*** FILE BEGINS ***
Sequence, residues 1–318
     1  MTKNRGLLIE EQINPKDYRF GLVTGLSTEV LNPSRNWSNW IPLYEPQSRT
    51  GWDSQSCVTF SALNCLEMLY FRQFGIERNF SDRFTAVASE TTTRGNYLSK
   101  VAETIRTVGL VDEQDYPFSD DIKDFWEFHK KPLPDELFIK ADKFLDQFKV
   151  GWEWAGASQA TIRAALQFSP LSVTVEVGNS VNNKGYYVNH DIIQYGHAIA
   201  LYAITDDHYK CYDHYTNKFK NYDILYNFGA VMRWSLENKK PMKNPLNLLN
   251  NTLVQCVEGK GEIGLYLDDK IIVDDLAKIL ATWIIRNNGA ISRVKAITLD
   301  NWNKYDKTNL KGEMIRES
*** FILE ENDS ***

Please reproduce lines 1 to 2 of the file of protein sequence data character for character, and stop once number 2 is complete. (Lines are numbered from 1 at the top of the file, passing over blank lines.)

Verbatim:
Sequence, residues 1–318
     1  MTKNRGLLIE EQINPKDYRF GLVTGLSTEV LNPSRNWSNW IPLYEPQSRT